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John O | December 2016

Stanford researchers create chip just three atoms thick


a team of engineers at stanford university have developed a method for producing molybdenum disulfide crystals that are only three atoms thick but large enough to form a chip, in what could be a breakthrough for the mass-production of atomically thin materials for electronics.

 

pop_lab_600

the researchers put the stanford logo on the atomically thin chip. (eric pop/stanford)

 

the new process, which was documented in a recent article on the stanford website, used chemical vapor deposition. in this process, small amounts of sulfur and molybdenum are burned until the atoms vaporize and then deposited on a substrate (could be glass or silicon).

 

after placing the monolayer on the substrate, the researchers demonstrated the possibilities of manufacturers could turn the single layer of molybdenum disulfide into a chip by etching the stanford logo and the two candidates from the recent u.s. presidential election onto the prototype.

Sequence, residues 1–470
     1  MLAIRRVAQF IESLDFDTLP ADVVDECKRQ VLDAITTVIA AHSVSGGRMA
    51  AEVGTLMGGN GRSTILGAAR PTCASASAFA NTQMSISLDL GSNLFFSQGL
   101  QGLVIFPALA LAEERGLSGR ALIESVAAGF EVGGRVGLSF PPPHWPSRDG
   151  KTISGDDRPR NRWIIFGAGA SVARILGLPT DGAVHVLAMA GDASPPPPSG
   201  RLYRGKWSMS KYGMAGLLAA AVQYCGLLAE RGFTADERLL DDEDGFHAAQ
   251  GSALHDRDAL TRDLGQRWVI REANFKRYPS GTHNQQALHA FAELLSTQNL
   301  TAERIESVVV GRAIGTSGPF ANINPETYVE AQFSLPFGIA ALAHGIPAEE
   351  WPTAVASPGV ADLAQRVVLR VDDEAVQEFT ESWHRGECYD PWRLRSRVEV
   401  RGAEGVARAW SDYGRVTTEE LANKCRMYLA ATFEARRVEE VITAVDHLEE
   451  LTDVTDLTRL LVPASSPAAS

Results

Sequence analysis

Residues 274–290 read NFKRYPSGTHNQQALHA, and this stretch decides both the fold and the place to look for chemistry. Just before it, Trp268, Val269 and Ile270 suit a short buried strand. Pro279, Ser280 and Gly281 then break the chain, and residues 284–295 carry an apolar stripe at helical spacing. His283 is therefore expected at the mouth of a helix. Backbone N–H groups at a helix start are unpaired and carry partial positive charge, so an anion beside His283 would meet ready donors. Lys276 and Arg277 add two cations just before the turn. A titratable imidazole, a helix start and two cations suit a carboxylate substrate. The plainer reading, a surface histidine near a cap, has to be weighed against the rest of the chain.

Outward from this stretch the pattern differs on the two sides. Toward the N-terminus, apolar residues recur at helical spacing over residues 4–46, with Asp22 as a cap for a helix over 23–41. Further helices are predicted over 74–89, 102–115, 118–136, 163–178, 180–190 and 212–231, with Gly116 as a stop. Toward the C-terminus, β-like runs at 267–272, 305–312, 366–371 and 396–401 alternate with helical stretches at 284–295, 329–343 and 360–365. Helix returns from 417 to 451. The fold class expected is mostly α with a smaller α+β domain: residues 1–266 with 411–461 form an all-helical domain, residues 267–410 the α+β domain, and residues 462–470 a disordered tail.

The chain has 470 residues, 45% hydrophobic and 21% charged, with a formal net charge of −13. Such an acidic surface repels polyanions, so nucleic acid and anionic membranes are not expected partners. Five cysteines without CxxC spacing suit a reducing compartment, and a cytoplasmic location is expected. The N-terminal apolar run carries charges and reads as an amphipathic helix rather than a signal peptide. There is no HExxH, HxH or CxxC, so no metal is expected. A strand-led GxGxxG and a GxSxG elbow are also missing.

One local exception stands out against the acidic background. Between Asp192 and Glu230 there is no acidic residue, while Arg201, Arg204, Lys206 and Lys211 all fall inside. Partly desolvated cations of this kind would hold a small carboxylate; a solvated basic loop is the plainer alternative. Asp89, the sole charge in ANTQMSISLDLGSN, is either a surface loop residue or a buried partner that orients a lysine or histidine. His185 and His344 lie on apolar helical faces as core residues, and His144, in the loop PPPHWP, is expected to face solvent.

in the article, electrical engineering associate professor eric pop said of the fun etchings, “we hope ‘nanotrump’ and ‘nanoclinton’ can broaden the interest in research. perhaps seeing portraits etched into a three-atom-thick canvas will inspire future researchers in ways we can’t even imagine yet.”

 

the research team published its report in 2d materials. the abstract stated:

 

“we demonstrate monolayer (1l) mos2 grown by chemical vapor deposition (cvd)with transport properties comparable to those of the best exfoliated 1l devices over a wide range of carrier densities (up to∼1013 cm−2 ) and temperatures(80–500 k).

 

“transfer length measurements decouple the intrinsic material mobility from the contact resistance, at practical carrier densities(>1012 cm−2 ). we demonstrate the highest current density reported to date (∼270 μa μm−1 or 44 ma cm−2 ) at 300 k for an 80 nm long device from cvd-grown 1l mos2.

 

“using simulations, we discuss what improvements of 1l mos2 are still required to meet technology roadmap requirements for low power and high performance applications. such results are an important step towards large-area electronics based on 1l semiconductors.”

 

read the full report at http://poplab.stanford.edu/pdfs/smithe-cvdmos2-2dmat16.pdf

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